Happy to have experienced New Orleans for the first time this summer. The French Quarter is not exactly “family friendly,” of course, but there’s plenty of history to gratify people like me!
The heart of it all is Jackson Square, named after the hero of the Battle of New Orleans in 1815. It features an equestrian statue of the man who would later become the seventh U.S. president:
I had to wonder: given that Jackson has been removed from the $20 bill, will we see the square revert to its original name?
At the top of the square, the famous Cathedral-Basilica of St. Louis, King of France:
I quite liked the historic flags, and the stained glass illustrating scenes from the life of St. Louis, including planning the Sainte-Chapelle and receiving the keys to Tunis while on crusade.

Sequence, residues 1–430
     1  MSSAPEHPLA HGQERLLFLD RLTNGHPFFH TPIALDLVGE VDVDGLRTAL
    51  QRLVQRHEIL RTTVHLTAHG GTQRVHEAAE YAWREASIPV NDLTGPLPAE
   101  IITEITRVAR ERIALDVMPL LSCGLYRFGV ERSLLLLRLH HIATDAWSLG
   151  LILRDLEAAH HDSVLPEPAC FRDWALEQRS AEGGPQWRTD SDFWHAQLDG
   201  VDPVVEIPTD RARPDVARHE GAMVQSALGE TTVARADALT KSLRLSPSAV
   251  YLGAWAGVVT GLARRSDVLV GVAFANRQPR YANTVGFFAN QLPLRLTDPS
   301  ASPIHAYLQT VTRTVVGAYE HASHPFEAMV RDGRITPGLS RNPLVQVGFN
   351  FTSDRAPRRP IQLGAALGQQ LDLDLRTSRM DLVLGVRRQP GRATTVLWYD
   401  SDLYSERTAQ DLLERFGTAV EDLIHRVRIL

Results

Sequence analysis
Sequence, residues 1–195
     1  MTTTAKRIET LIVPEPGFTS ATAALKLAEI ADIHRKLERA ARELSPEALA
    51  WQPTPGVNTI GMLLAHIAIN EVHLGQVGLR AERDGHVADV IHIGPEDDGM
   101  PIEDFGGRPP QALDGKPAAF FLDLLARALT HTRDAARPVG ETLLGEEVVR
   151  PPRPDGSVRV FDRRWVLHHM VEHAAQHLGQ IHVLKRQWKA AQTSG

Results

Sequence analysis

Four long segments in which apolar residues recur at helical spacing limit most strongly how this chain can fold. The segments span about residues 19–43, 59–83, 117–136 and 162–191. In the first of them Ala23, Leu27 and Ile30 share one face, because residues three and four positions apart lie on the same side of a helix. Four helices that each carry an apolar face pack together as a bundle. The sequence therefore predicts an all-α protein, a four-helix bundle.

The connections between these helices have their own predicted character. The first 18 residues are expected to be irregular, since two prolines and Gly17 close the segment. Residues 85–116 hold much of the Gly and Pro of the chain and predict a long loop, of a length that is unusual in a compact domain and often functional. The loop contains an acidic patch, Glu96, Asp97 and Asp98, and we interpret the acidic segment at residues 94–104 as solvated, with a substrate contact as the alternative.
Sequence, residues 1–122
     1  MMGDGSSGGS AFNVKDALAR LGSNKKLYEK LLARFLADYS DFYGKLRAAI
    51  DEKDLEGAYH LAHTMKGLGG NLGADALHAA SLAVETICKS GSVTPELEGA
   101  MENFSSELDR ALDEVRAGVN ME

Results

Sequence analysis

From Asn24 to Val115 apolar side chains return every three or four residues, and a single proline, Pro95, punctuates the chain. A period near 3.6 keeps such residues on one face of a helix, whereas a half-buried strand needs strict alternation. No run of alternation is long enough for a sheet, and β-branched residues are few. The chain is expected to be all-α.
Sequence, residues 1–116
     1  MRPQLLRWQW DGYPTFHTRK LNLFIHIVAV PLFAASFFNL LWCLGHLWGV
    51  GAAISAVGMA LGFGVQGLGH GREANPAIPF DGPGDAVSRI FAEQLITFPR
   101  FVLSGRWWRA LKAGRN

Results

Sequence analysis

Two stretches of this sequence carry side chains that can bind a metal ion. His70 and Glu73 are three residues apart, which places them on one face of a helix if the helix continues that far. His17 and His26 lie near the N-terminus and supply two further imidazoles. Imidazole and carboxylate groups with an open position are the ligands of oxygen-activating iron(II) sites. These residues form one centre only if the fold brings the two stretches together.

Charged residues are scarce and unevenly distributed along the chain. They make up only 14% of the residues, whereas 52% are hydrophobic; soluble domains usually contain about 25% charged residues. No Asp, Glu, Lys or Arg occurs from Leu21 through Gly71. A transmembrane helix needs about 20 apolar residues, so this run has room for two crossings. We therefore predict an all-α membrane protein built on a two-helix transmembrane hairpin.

I was pleased to see that the arms of the Archdiocese of New Orleans (left) make an obvious reference to the arms of the French city of Orléans (right, via Wikipedia). The colors are reversed, and the pelican refers to Louisiana.
Speaking of the connection between Old Orleans and New Orleans, down the street we find an equestrian statue of Joan of Arc. The original, by Emmanuel Frémiet, can be seen in Paris.
Joan, of course, raised the siege of Orléans in 1429 during the Hundred Years War. I was pleased to see the coat of arms of Orléans near the plinth, along with those of Lorraine (Joan’s birthplace), Reims (where she presided over the coronation of Charles VII), and Rouen (where the English burned her at the stake for witchcraft).